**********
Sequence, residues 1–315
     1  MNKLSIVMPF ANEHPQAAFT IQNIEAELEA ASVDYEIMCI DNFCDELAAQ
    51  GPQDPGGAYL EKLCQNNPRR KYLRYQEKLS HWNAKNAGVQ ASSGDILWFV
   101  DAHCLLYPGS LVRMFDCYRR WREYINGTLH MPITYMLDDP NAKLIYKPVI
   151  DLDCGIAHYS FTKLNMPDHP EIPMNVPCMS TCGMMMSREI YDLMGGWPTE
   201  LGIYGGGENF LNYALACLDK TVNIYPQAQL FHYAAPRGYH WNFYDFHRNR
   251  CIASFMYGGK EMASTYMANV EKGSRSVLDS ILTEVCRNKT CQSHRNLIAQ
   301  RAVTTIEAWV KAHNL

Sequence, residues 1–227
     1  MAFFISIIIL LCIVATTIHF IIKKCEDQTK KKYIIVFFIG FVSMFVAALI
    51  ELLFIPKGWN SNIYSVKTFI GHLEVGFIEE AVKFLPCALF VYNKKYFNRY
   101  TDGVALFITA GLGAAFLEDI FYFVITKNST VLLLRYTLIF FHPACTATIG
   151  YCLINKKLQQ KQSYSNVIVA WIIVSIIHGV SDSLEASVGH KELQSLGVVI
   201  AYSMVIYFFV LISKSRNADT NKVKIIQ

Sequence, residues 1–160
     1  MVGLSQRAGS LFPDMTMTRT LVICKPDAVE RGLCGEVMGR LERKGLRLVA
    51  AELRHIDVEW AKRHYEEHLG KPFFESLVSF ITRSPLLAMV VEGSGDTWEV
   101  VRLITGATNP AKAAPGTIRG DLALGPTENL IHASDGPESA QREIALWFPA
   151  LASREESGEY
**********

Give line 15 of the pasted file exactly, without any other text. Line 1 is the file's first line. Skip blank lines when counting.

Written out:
Sequence, residues 1–160